Victor Garber transforms his genial self into the raffish, raging egomaniac Garry Essendine for
Anyone who knows actor Victor Garber would not characterize him as an immense—but ultimately lovable—narcissist like Garry Essendine, the aging matinee idol at the vortex of Noël Coward’s Present Laughter. Over a leisurely breakfast, Garber never fails to mention the other actors in Roundabout’s 2010 revival of the play on Broadway, almost all of whom performed in the acclaimed production at Boston’s Huntington Theatre Company in 2007. Of Present Laughter’s director, Nicholas Martin, Garber’s voice grows louder and his praise becomes lavish. “He’s more fun than anyone I know,” he says, most sincerely. Garber’s enthusiasm makes you wish you were sitting in the rehearsal room—or standing on line at the theatre, a pair of center-orchestra seats in hand. Watch the video on youtube.
Present Laughter marks Garber’s 15th Broadway show—his first since creating the role of Serge in Yasmina Reza’s award-winning comedy Art in 1998. Though a four-time Tony nominee and veteran of hit productions (Arcadia, Damn Yankees, Lend Me a Tenor, Noises Off, Sweeney Todd, Deathtrap), a solid decade of TV and film work—from his Emmy-nominated role as Jack Bristow on ABC’s Alias to portraying George Moscone in the Oscar-winning Milk—conspired to keep him on the West Coast. Still, he’s kept his hand in the New York City theatre scene, appearing in the Encores! revivals of Of Thee I Sing and Follies, for example. Returning to Broadway at Roundabout’s American Airlines Theatre has him jazzed, no question about it. But returning to Broadway in a Noël Coward play—that, he says, has him ecstatic.
Rarely are actors given the chance to revisit roles or productions. Still, why Present Laughter, why Roundabout, and why now?
When we did the play for four weeks at the Huntington, it was one of the best experiences any of us ever had in our lives. It’s a great role for me; it’s also a great production. And it’s a great cast, too, and January will be a wonderful time for Roundabout audiences to come in and simply have a fun, lovely, joyous evening. So that, truly, is the motivation.
The production follows last season’s successful revival of Coward’s Blithe Spirit. Do you think that revival proved Coward is still a viable product for Broadway?
All I can tell you—and I mean this honestly—is any play is relevant if it’s well done and acted. It has been proven over and over again that Shakespeare is relevant, so why not Sir Noël Coward? To me, Noël was a genius—is a genius. In Boston, I hadn’t heard laughter like that since Noises Off. I mean, just uproarious. I also think just being entertained makes something relevant.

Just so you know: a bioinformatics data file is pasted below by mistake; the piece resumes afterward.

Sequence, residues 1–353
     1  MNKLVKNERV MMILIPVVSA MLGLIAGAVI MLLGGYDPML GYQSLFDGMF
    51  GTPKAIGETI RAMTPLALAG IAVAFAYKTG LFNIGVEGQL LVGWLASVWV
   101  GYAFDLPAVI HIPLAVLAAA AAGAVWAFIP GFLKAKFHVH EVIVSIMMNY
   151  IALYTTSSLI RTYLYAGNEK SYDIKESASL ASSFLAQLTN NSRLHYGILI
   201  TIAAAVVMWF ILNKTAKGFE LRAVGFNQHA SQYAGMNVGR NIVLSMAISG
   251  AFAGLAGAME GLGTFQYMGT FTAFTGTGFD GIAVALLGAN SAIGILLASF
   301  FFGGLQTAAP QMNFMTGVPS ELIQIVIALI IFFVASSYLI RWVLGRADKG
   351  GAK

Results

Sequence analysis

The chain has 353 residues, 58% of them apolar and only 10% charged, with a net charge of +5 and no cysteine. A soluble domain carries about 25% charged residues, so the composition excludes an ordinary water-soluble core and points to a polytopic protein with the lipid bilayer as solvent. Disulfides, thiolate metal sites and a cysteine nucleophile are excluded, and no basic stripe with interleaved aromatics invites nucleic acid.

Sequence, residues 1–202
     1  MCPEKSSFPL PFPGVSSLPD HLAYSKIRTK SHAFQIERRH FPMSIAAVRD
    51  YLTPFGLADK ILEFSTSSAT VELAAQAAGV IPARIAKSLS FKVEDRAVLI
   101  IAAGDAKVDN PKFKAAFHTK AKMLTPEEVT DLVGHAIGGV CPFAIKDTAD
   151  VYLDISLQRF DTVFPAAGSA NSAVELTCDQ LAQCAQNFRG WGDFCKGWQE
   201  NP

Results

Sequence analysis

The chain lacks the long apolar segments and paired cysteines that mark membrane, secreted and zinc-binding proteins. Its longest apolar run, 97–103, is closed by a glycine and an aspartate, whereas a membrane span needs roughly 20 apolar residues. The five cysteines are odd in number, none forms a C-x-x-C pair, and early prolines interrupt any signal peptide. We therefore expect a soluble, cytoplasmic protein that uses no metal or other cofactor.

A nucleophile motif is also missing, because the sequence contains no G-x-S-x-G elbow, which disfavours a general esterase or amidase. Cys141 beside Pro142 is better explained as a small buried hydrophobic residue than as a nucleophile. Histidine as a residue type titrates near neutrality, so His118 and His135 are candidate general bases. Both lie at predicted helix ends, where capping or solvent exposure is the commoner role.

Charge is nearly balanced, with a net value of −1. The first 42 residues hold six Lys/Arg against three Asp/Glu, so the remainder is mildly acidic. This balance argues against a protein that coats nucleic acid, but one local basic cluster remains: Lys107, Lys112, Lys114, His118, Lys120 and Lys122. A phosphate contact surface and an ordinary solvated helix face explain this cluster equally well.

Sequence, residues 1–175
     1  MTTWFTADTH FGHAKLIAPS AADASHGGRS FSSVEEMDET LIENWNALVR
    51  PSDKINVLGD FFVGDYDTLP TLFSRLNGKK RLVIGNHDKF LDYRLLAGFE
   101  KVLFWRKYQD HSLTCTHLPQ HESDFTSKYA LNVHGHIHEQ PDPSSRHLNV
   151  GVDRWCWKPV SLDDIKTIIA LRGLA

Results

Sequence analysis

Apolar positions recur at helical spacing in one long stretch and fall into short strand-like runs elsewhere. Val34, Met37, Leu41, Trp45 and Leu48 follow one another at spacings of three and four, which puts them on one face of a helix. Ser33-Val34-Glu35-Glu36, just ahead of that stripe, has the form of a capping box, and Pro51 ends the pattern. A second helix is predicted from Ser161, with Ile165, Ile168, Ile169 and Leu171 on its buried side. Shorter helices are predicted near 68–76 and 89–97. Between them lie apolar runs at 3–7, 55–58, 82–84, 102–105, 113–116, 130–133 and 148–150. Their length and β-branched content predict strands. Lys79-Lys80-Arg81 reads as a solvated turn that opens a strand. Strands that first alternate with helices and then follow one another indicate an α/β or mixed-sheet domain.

Do you consider Present Laughter a period play? Are you making technical adjustments to account for the era the play was written?
There’s a danger in that. The requirements of the play are, frankly, to do it. But yes, the world is very different now—and Present Laughter is a throwback to another time. What the play is really about—theatre, relationships, and middle age—is something most people can relate to.
So who, exactly, is Garry Essendine?
He’s a fragile character, with bravado and excesses. The role is a brilliant depiction of a man going through a midlife crisis, one that just happens to take place in the world of the theatre. I think mostly about being true to the circumstances: sometimes he overacts and sometimes he doesn’t. He’s accused of “acting” all throughout the play, and his retort, of course, is “I’m not acting.” As Victor Garber, the actor, I’m trying to approximate the truth of who he is and to tell the story of his life in this play.
Did you ever meet Noël Coward?
What would you ask him if you did?
Could we have dinner and talk about your life?
And talk about comedy?
It would depend. You know, there’s a great lesson here. Robert Moore was a great man and a great director and he directed me in They’re Playing Our Song. Well, I was so proud of myself to be getting laughs. One night he said, “You’re too focused on the laughs.” I was taken aback. Then I thought, you know, he’s right: I wasn’t focused on the story or on the character. Now, I’m a laugh whore: I’m very aware of the precision and artistry of laughter. That’s what intrigues me about comedy—having to make it look like you’re not being precise. And that’s what I do hope to achieve. But it has to happen organically. I don’t “trot it out,” and I don’t give it too much thought because if I do it becomes, “Okay, now how do I get that laugh again?” That’s a trap I want to avoid. I’m aware of laughs, I love laughs, and I think it’s very important to preserve them. But if you try to get them every time, it will drive you mad.
What’s your pre-performance process like? Where is your head, say, 30 minutes before curtain time?
My main concern is being healthy, to be warmed up vocally, to be warmed up physically, and to feel good. That’s my goal every day, anyway, acting or not. And I always look at the script.
To reacquaint myself—like with the first scene, or to get myself back into the play. I have anxiety and I have stage fright sometimes before going on. I don’t like talking about it because I don’t like to tempt it.
I’m a little surprised you wouldn’t ask Coward about the play, come to think of it.
It’s not surprising, really, because I think Present Laughter is pretty self-explanatory. Whatever the deconstruction of the play—by that I mean, "Who were these people?" "What sex were they really?"—it means very little, because it makes no difference in terms of how I play it. Coward was a playwright. The play is a fiction based, as they say, on certain truths.
Leonard Jacobs is theatre critic for the New York Press and edits The Clyde Fitch Report, a blog about arts and politics.
2009-2010 Season, Front & Center, Present Laughter